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House, M. J.1

Journal of Neurologic Physical Therapy: December 2006 - Volume 30 - Issue 4 - p 216
doi: 10.1097/01.NPT.0000281322.93071.4c
Platforms, Thematic Posters, and Posters for CSM 2007: POSTERS

1Rehabilitation Therapies, University of Iowa Hospitals and Clinics, Iowa City, IA, 2Graduate Program in Physical Therapy and Rehabilitation Science, University of Iowa, Iowa City, IA.

Background & Purpose: Persons with paralysis due to spinal cord injury are dependent on a wheelchair for functional mobility. These individuals remain in a seated position for several hours per day. Wheelchair seat inclination angle and position of lumbar support are critical to facilitate a stable seated position. Ineffective seating is commonplace and results in uneven weight-bearing and decubitus ulceration. The purpose of this case study is to highlight the key components of effective wheelchair seating for persons with complete spinal cord injury and flexible spinal deformity. Case Description: Four out-patient clients with complete motor and sensory paraplegia were selected for this case study. Subjects were diagnosed with T4, T8, T9 and L2 paraplegia, respectively. The primary reason for referral was onset of decubitus ulcer. Patients reported no specific incident to account for the wound, no change in activity and no improvement in the wound despite enhanced pressure relief routine. All subjects presented in ultra-light weight wheelchairs with pressure-relieving cushions. The majority of subjects were utilizing a solid seat back. All subjects reported dissatisfaction with perception of increased abdominal girth. Half of the subjects presented with seat incline of less than ten degrees. All subjects presented with some degree of pelvic obliquity. Interventions were adjustment of seat incline angle to 10–15 degrees and placement of lumbar support to achieve slight anterior pelvic tilt, thus restoring lumbar lordosis. Outcomes: All subjects noted resolution of the Stage I/II decubitus ulcer within six to eight weeks following interventions. In addition, subjects reported improved stability in seated position without need to utilize one or both upper extremity for erect seated posture. Pelvic obliquity was immediately resolved in all cases. Subjects also reported decreased abdominal girth. Discussion: For persons with paraplegia it is necessary to offer a seat incline angle of at least ten degrees. While improved stability can be achieved at twenty degrees of seat inclination, one must be cognizant of the patient's ability to transfer. Utilization of a solid seat back does not ensure any degree of lumbar support unless care is taken to achieve correct position. It may also be necessary to provide additional lumbar support padding within an existing solid seat back if wheelchair component lengths do not allow for adequate positioning. Physical therapists have the potential to significantly impact the functional outcome and quality of life of individuals who require full-time use of a wheeled mobility device due to spinal cord injury. Increased awareness of basic seating principles for all physical therapists will ensure that more patients with evidence of early spinal deformity can be identified and appropriate interventions provided. If detected early enough, flexible deformities can be corrected and subsequent complications averted.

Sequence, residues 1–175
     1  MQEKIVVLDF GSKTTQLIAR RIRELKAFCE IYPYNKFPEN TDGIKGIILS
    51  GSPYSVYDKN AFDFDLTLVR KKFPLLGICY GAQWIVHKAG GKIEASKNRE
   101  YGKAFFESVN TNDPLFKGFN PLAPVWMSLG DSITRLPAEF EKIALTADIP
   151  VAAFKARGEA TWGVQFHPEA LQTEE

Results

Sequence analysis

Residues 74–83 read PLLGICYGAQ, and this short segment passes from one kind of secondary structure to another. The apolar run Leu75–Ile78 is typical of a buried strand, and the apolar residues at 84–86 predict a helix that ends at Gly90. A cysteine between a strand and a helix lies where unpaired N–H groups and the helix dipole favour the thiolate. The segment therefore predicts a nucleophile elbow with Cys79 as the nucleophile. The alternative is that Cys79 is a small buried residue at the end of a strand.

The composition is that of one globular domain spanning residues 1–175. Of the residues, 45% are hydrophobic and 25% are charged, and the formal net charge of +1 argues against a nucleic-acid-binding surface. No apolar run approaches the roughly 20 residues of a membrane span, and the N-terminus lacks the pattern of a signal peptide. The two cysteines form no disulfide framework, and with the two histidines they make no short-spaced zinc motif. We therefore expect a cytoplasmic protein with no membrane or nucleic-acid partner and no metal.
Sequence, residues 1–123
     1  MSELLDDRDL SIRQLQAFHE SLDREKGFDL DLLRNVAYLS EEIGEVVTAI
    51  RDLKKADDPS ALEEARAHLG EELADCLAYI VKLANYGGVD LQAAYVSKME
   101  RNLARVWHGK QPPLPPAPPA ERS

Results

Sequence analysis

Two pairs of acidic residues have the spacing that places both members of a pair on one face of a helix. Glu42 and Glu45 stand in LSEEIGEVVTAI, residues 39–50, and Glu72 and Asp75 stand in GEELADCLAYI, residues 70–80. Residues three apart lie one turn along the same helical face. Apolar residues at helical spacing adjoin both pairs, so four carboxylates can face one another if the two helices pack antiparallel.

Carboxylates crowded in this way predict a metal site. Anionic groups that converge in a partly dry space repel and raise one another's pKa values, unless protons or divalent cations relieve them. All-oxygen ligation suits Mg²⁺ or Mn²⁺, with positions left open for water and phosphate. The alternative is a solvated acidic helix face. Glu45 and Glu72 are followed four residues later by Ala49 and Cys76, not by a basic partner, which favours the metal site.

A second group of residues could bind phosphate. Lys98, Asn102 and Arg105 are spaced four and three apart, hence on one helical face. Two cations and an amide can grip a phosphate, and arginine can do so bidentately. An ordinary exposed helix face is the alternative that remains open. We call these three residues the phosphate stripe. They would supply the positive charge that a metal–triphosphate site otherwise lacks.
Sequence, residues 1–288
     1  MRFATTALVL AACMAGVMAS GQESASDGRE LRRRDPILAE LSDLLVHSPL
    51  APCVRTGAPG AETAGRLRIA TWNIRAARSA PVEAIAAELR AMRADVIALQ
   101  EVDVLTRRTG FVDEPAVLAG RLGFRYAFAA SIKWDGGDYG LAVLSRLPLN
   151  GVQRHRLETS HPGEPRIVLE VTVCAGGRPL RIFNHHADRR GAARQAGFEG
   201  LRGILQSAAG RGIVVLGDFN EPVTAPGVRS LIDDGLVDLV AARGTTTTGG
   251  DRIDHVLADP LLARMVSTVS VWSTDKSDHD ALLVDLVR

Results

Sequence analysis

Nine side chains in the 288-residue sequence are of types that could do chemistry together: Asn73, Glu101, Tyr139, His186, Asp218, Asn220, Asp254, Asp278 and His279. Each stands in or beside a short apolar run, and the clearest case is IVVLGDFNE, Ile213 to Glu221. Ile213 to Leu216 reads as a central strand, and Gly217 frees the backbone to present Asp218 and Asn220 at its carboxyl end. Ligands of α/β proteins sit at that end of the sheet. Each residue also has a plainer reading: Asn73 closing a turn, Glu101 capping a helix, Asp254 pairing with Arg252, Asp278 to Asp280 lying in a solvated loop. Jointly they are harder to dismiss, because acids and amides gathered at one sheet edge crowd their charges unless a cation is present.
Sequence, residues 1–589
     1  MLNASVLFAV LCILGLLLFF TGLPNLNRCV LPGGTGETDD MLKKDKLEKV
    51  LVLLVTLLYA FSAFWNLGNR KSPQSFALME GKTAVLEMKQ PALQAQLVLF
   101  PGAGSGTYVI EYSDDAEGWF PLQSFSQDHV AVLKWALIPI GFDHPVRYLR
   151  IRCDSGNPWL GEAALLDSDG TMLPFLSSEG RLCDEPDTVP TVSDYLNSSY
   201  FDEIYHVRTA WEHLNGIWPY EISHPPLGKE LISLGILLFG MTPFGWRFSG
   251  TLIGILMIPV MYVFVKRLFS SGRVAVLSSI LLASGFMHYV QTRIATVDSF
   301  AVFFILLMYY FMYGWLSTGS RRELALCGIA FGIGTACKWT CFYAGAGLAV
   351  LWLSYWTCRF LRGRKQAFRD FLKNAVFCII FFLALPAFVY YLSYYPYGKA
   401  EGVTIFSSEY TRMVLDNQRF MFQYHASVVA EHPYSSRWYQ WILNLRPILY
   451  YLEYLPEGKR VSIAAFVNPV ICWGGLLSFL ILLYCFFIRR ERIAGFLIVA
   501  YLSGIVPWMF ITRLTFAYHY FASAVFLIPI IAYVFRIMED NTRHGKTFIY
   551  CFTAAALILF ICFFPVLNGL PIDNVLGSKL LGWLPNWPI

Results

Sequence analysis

© 2006 Neurology Section, APTA